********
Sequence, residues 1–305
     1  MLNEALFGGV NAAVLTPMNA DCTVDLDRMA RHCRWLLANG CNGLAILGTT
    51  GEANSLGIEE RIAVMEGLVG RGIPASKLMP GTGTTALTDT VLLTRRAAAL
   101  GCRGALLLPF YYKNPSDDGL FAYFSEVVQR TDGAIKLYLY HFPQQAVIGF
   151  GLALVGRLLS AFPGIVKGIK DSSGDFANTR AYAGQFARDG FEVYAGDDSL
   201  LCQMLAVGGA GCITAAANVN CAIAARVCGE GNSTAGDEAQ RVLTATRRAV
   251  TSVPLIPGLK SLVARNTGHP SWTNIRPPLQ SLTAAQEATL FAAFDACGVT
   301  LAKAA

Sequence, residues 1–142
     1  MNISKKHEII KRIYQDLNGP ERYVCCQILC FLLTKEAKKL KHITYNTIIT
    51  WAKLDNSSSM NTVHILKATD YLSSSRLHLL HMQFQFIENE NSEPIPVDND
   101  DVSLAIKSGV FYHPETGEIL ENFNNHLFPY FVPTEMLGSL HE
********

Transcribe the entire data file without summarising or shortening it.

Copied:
Sequence, residues 1–305
     1  MLNEALFGGV NAAVLTPMNA DCTVDLDRMA RHCRWLLANG CNGLAILGTT
    51  GEANSLGIEE RIAVMEGLVG RGIPASKLMP GTGTTALTDT VLLTRRAAAL
   101  GCRGALLLPF YYKNPSDDGL FAYFSEVVQR TDGAIKLYLY HFPQQAVIGF
   151  GLALVGRLLS AFPGIVKGIK DSSGDFANTR AYAGQFARDG FEVYAGDDSL
   201  LCQMLAVGGA GCITAAANVN CAIAARVCGE GNSTAGDEAQ RVLTATRRAV
   251  TSVPLIPGLK SLVARNTGHP SWTNIRPPLQ SLTAAQEATL FAAFDACGVT
   301  LAKAA

Sequence, residues 1–142
     1  MNISKKHEII KRIYQDLNGP ERYVCCQILC FLLTKEAKKL KHITYNTIIT
    51  WAKLDNSSSM NTVHILKATD YLSSSRLHLL HMQFQFIENE NSEPIPVDND
   101  DVSLAIKSGV FYHPETGEIL ENFNNHLFPY FVPTEMLGSL HE